I made this very simple 'meringue' butter cream. 40 grams of egg white, mixed with 80 grams of icing sugar over an heated bowl until the nice peaks are there, like you want with meringue. Add a little bit of salt and then mix 120 grams of butter in. I used a bit of vanilla extract and icing coloring.

It all went fine and I had the consistency I wanted and could work with it very well. However I decided to do most of the cupcakes the next day. I left the buttercream in the piping bag in the refrigerator overnight. When i wanted to use it the next day it was 'runny' when it was back at room temperature. It was turned in almost some kind of thick liquid. Mixing it again did not help. I red that storing in the refrigerator should not be a problem, however this was for 'normal' butter cream.

Where did it go wrong, and how can I prevent this next time? Did I store it wrong? Or is the consistency wrong? Or should I handle this 'meringue butter cream' different from normal butter cream?

Thanks in advanced!

1 Answer 1


Meringue is a protein-based foam. The proteins form a semi-stable mesh with air bubbles trapped inside. The reason they are semi-stable is that they unravel a bit and hook into each other, Velcro-style. When you introduce fat, it lubricates and smooths the unraveled proteins, so they lose their hooking ability. If the fat is introduced before the eggwhites are beaten, there is a fair chance that you won't get a foam at all.

It is possible to mix the prepared foam with fat without destroying it, although it will lose some volume. This is usually done when the bulk of the mix is not the meringue, but some kind of creamy filling which gets lightened by the air added through the meringue. These fillings are usually set through baking (such as a cheesecake filling), or gelling agents (there are cremes which combine egg whites foam, fat-containing dairy products, and gelatine). As you did not set the icing in any way, the fat from the butter slowly worked itself into the formed hooks of the proteins, destroying the mesh and returning the eggwhites to their original form (a suspension of proteins in water). Eventually, if you overbeat the meringue a bit, you also got some weeping caused by the proteins slowly getting tight enough to expell some water from the structure, but if present at all, this is probably a secondary effect in this case.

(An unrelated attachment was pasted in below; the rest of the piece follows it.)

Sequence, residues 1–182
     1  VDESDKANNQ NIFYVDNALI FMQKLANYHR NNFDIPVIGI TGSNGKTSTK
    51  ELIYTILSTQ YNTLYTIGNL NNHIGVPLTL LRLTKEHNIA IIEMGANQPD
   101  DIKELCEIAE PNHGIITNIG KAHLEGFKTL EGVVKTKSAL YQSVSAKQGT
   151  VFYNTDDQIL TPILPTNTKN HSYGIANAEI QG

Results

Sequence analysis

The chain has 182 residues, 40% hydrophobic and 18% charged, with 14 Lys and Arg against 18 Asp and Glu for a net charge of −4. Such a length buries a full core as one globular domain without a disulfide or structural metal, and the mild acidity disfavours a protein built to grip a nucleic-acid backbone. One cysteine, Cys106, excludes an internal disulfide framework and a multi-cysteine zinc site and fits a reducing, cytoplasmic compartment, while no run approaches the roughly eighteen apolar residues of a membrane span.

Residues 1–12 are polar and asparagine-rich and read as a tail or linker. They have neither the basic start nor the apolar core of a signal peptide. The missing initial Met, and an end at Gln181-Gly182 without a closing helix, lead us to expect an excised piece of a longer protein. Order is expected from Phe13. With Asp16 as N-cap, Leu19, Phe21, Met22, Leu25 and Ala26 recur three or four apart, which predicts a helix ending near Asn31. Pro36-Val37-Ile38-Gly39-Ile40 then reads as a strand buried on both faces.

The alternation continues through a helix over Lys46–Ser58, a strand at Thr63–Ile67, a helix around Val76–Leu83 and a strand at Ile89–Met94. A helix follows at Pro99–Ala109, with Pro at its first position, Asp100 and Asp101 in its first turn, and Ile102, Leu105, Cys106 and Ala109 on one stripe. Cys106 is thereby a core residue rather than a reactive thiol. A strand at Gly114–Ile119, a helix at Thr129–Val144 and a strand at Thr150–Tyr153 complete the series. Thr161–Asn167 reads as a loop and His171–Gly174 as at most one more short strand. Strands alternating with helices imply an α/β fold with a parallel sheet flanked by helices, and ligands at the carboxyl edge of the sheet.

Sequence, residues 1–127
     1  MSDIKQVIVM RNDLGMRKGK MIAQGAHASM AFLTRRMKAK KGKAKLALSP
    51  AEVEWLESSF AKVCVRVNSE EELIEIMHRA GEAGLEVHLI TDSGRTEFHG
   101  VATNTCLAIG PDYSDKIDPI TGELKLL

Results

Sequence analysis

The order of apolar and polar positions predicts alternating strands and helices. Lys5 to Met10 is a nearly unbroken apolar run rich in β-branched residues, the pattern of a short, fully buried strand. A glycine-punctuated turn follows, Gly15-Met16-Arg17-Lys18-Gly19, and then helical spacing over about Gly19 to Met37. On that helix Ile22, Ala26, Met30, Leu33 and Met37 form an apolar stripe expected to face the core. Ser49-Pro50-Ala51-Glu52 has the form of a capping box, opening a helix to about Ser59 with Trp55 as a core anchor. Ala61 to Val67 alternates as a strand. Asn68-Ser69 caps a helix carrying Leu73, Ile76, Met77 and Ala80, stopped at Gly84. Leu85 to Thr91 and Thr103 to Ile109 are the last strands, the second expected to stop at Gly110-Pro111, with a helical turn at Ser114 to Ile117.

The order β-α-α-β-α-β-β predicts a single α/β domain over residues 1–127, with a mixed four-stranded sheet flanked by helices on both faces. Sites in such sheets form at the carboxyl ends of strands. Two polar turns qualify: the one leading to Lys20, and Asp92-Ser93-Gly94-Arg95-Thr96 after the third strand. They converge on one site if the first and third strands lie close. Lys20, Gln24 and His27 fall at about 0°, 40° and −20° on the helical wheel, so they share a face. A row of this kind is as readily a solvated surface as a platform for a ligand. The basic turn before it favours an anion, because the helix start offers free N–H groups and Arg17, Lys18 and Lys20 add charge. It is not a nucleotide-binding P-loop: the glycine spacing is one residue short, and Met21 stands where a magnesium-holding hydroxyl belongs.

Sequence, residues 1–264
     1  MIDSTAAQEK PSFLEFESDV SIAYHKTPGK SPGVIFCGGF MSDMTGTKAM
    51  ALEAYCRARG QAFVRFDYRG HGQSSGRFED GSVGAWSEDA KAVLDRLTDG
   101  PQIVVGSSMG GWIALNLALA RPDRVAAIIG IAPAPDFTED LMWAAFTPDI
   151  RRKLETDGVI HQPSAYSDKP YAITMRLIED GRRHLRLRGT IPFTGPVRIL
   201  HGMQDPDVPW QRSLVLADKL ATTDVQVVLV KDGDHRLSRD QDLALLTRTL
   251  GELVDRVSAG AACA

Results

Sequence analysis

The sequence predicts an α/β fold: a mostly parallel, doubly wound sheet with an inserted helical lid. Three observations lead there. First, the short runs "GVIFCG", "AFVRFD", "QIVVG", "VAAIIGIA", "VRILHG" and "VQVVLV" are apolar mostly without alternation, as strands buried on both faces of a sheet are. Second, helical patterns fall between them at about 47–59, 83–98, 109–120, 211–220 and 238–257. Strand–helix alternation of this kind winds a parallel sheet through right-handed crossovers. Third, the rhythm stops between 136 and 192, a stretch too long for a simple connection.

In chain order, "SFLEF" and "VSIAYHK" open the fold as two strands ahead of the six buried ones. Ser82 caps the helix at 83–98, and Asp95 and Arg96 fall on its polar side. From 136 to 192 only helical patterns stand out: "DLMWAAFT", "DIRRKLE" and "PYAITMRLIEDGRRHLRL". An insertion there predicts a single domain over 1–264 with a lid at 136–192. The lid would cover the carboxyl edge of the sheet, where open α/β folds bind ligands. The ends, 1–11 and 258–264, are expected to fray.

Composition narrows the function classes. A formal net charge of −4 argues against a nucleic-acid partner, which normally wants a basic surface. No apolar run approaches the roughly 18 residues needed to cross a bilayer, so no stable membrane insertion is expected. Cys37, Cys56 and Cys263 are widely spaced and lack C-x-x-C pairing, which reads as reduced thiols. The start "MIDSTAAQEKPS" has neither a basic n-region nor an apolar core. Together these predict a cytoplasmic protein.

Bottom line: the mix you made is inherently unstable. I wouldn't use it as an icing unless the food is eaten quickly. You should get a different recipe. If pure buttercream is too rich for your taste, you can try versions which add yolks or whole eggs (not foamed eggwhites). The lecithine in the yolks emulsifies the rest of the egg with the butter, so you don't get separation problems. Another option is to forego buttercream completely and use whipped cream, it still gives you a rich mouthfeel, but has much less fat per weight and whips to a higher volume.

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